Spectre & Meltdown Checker is a simple shell script to tell if your Linux installation is vulnerable against the 3 "speculative execution" CVEs that were made public early 2018.
Hijacker - Reaver For Android Wifi Hacker App Hijacker – Reaver For Android Wifi Hacker App
Hijacker is a native GUI which provides Reaver for Android along with Aircrack-ng, Airodump-ng and MDK3 making it a powerful Wifi hacker app.
Sublist3r - Fast Python Subdomain Enumeration Tool Sublist3r – Fast Python Subdomain Enumeration Tool
Sublist3r is a Python-based tool designed to enumerate subdomains of websites using OSINT. It helps penetration testers and bug hunters collect and gather subdomains for the domain they are targeting.
coWPAtty Download - Audit Pre-shared WPA Keys coWPAtty Download – Audit Pre-shared WPA Keys
coWPAtty is a C-based tool for running a brute-force dictionary attack against WPA-PSK and audit pre-shared WPA keys.


Seattle Computer Security Expert Turns Tables On The Police

Outsmart Malicious Hackers


Honestly there’s been nothing much going on for the past few days or over the weekend, Microsoft retracted some patches citing ‘quality issues’ and there was announcement about Metasploit Express version.

But well that was about it! This was the only story I found vaguely interesting, because well we all love to flip the bird to ‘The Man‘ don’t we? That’s why we do what we do.

A ‘cyber PI’ in Seattle turned the tables on the police when they tried to give him the run around when he was arrested after refusing to identify himself.

A computer security expert used his elite skills to turn the tables on Seattle Police who arrested him for doing nothing more than refusing to identify himself during a drunken street golf game in 2008.

Eric Rachner, identified by The Seattle PI as a cyber security expert, fought the charges for obstructing a police officer, and as part of his defense, he demanded access to the video and audio recordings of his arrest. The recordings are automatically made using cameras mounted to squad car dashboards and microphones on police uniforms.

Seattle Police refused and prosecutors eventually dropped the charges, but that wasn’t good enough for Rachner. He filed a request under a Washington state public disclosure law demanding access to the recordings and was again turned down.

“These recordings are both past our retention period and can no longer be obtained,” Seattle Police Department officials responded in writing. “Please note that the majority of 911 calls and videos are retained for a period of ninety (90) days.”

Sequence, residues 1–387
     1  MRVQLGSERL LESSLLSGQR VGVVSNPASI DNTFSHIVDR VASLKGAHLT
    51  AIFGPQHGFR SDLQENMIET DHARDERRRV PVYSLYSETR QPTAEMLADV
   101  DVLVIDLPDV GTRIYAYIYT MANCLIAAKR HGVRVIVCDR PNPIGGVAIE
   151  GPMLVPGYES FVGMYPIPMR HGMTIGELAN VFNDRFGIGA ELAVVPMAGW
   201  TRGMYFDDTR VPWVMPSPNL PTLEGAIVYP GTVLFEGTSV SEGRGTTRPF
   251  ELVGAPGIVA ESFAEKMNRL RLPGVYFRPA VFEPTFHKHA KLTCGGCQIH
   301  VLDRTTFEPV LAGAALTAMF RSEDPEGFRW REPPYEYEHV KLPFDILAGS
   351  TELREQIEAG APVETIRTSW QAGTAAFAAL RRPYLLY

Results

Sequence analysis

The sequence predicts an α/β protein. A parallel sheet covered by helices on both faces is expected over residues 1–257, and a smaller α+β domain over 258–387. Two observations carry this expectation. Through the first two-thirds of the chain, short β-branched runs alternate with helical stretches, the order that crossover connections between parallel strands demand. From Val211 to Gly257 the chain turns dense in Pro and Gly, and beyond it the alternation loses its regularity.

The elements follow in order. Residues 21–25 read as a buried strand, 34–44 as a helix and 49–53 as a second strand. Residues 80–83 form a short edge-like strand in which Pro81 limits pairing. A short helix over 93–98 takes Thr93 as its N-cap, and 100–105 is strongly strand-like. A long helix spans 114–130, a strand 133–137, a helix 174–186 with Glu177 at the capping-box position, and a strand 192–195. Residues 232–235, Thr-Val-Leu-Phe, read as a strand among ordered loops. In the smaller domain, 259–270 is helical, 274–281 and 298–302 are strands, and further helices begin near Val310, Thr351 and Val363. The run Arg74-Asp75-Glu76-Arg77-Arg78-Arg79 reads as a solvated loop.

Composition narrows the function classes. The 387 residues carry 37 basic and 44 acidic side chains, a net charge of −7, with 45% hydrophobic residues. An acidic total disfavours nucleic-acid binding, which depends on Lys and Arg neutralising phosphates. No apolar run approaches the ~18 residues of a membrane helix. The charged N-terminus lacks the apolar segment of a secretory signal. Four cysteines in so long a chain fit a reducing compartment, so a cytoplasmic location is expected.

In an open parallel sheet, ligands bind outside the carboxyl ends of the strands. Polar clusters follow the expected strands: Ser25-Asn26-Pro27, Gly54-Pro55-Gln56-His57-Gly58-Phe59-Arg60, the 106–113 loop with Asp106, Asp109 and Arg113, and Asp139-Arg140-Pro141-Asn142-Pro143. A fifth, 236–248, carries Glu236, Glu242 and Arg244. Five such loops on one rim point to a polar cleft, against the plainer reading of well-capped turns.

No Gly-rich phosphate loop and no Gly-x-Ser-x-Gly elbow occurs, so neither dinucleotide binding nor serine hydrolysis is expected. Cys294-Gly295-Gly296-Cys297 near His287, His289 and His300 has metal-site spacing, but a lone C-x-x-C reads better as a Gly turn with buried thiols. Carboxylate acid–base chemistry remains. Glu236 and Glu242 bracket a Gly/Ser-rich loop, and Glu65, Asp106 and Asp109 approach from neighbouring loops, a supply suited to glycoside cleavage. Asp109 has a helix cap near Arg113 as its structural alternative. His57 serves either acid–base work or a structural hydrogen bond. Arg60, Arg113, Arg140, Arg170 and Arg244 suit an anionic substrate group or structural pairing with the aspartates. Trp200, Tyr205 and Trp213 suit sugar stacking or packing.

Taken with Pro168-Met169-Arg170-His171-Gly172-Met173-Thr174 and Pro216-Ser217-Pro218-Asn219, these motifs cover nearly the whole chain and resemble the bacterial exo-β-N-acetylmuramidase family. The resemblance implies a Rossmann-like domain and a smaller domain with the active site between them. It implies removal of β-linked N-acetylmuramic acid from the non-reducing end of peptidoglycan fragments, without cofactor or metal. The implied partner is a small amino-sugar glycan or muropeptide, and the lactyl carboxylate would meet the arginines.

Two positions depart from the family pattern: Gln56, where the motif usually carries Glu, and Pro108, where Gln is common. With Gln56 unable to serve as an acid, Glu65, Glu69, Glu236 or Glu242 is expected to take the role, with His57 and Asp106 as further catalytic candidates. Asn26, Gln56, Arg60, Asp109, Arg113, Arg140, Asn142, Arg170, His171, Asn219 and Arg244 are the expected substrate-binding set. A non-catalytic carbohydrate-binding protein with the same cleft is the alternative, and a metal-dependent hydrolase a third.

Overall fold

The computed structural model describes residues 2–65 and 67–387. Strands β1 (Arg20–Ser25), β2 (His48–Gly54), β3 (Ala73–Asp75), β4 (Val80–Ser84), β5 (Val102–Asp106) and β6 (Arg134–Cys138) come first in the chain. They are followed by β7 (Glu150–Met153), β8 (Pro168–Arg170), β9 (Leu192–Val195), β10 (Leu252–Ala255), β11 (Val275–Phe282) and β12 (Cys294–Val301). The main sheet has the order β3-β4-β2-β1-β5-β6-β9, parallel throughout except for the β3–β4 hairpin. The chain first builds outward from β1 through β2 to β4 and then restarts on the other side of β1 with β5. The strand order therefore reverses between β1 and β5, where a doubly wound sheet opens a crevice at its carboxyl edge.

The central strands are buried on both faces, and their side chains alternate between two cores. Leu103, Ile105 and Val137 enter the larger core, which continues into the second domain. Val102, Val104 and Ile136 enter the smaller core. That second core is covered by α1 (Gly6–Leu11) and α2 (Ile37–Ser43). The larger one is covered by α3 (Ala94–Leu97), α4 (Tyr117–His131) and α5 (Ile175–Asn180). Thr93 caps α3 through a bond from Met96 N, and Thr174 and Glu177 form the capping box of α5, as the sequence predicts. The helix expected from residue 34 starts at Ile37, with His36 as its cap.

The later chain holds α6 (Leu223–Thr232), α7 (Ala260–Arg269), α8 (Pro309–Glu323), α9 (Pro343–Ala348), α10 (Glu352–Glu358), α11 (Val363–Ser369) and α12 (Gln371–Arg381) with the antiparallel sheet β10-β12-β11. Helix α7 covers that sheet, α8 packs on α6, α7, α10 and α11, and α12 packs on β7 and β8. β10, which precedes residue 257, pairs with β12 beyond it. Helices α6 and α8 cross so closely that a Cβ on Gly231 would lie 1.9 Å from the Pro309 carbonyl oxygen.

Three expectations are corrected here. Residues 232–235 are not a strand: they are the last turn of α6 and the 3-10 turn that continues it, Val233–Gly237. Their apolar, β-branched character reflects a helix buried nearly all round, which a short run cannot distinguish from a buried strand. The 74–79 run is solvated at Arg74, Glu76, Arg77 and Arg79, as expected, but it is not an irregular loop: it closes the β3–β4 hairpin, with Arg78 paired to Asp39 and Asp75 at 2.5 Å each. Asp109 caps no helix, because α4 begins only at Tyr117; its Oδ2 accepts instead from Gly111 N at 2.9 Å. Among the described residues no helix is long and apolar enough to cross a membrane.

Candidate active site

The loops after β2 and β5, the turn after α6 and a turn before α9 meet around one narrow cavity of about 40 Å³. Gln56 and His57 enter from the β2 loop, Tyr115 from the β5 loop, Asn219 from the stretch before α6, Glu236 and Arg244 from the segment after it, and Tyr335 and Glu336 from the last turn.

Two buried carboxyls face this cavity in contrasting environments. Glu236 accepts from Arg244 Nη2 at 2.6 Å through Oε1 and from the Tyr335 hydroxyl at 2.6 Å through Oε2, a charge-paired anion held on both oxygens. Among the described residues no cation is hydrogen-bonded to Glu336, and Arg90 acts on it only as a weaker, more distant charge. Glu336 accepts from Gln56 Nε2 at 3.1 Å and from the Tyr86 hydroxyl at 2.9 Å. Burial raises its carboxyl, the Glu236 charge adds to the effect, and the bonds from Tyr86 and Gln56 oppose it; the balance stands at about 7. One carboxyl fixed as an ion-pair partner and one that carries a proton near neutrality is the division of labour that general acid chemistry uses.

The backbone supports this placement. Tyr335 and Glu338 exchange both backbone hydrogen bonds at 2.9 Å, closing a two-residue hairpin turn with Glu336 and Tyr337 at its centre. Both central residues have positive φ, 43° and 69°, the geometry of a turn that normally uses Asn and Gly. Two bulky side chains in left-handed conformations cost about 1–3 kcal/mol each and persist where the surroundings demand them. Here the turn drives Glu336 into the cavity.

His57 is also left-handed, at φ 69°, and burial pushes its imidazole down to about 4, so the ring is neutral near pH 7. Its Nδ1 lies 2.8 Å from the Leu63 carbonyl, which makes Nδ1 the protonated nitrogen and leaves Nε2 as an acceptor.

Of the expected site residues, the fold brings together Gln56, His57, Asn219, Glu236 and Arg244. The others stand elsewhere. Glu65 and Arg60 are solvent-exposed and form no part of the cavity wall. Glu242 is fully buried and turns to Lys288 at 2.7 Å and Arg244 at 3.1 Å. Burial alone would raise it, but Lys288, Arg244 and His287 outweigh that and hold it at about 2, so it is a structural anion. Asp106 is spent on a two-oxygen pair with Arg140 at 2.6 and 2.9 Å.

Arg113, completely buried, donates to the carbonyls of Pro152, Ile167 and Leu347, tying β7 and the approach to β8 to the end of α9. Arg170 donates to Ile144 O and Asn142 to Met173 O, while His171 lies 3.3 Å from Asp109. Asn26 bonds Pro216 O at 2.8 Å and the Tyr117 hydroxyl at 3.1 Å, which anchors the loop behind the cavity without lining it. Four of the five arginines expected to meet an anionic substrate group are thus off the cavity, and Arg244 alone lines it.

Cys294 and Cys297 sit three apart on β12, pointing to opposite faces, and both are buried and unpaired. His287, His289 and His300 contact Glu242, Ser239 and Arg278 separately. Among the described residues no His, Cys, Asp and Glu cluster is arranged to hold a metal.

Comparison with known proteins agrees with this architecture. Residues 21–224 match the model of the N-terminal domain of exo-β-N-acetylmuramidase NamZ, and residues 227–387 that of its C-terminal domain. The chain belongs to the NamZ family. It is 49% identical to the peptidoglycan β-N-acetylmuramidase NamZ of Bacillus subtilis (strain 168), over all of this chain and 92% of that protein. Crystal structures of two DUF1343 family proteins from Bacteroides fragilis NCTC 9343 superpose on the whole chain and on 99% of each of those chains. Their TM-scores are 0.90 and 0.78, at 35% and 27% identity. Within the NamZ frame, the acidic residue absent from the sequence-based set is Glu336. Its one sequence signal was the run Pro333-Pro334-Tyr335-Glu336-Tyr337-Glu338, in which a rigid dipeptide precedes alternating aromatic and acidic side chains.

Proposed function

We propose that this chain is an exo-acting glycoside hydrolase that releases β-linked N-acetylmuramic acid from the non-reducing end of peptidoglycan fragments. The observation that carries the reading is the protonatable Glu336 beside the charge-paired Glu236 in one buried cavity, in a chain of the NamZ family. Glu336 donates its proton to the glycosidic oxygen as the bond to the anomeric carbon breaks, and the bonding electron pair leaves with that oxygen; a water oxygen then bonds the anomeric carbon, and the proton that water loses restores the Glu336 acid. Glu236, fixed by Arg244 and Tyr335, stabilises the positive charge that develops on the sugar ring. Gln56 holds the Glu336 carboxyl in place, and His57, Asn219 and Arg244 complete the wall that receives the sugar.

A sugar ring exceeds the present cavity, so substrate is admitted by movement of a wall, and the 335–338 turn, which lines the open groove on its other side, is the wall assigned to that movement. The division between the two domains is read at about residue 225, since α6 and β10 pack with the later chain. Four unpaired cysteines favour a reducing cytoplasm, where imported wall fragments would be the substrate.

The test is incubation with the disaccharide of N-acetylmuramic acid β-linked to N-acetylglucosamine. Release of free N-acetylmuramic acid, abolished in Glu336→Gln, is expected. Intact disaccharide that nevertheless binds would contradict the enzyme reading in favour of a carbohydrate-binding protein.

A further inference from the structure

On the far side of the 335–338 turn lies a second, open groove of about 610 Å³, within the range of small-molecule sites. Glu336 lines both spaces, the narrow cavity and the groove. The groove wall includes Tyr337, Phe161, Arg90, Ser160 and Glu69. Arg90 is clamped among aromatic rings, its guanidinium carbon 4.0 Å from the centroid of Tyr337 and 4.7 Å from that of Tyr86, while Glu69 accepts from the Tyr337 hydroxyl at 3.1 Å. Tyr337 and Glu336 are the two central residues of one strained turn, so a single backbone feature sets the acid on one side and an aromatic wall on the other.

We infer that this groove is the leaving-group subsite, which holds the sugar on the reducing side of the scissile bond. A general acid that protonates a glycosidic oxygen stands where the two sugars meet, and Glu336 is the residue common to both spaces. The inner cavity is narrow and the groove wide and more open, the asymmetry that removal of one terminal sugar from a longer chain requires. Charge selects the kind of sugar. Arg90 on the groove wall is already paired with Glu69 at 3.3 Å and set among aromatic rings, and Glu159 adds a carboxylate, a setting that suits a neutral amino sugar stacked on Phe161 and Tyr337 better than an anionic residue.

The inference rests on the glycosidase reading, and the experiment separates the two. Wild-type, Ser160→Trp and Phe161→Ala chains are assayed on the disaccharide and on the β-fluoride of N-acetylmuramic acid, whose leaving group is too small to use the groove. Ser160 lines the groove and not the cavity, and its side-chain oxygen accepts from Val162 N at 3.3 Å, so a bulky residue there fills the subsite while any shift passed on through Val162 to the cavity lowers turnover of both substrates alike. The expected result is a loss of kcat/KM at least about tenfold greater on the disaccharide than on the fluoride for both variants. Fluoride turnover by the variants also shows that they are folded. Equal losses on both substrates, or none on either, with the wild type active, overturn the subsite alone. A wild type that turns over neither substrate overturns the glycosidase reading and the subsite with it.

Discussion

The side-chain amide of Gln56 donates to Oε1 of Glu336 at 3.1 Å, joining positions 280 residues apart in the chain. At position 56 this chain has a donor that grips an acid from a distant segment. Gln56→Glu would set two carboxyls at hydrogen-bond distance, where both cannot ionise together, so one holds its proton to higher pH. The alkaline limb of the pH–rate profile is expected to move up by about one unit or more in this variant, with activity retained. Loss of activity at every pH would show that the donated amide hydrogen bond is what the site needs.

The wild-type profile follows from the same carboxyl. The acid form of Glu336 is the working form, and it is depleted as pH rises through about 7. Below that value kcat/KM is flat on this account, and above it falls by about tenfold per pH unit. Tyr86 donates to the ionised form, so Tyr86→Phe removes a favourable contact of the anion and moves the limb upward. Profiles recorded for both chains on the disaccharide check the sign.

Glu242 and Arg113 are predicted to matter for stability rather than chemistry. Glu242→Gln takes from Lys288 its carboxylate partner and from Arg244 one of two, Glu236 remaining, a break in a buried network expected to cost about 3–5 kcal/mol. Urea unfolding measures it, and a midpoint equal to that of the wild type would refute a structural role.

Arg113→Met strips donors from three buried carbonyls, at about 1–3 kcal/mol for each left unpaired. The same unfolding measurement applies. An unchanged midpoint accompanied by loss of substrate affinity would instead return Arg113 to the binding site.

The whole story is quite laughable and extremely indicative to how government organizations generally act – trying to brush people off. It’s good to see a citizen standing up for his rights and calling them out when actually he’s done nothing wrong and he was punished for non-compliance.

It turns out he wasn’t even the one that prompted the 911 call in the first place, one of the street golfers accidentally sliced the foam ball and hit a passerby in the face. He wasn’t injured but after being heckled by the golfers he called the police.


So Rachner researched the video and audio recording system used by the department and discovered that permanent logs index every recording and show when it is uploaded, flagged for retention, played, copied, or deleted.

Armed with this new information, Rachner filed a public records request for the log, and that’s when he hit pay dirt. It showed that the recordings had been flagged for retention after his arrest and still existed. Soon enough, he had them, and they backed his contention that he was arrested solely for refusing to provide identification to police. (Officers claimed otherwise but never elaborated).

Police now say their earlier claim that the videos couldn’t be obtained was the result of a server error, which sounds like the modern-day equivalent of the dog-ate-my-homework excuse.

It’s a good result and I hope it prompts more people to stand up for their civil rights and stop the US becoming a totalitarian state “Papers please”.

You can read the full report from the Seattle PI here including a quote from Dan Kaminsky:

Local computer security expert investigates police practices

Source: The Register

Posted in: Hacking News

Topic: Hacking News


Latest Posts:


OWASP ZSC - Obfuscated Code Generator Tool OWASP ZSC – Obfuscated Code Generator Tool
OWASP ZSC is an open source obfuscated code generator tool in Python which lets you generate customized shellcodes and convert scripts to an obfuscated script.
A Look Back At 2017 – Tools & News Highlights A Look Back At 2017 – Tools & News Highlights
So here we are in 2018, taking a look back at 2017, quite a year it was. Here is a quick rundown of some of the best hacking/security tools released in 2017, the biggest news stories and the 10 most viewed posts on Darknet as a bonus.
Spectre & Meltdown Checker - Vulnerability Mitigation Tool For Linux Spectre & Meltdown Checker – Vulnerability Mitigation Tool For Linux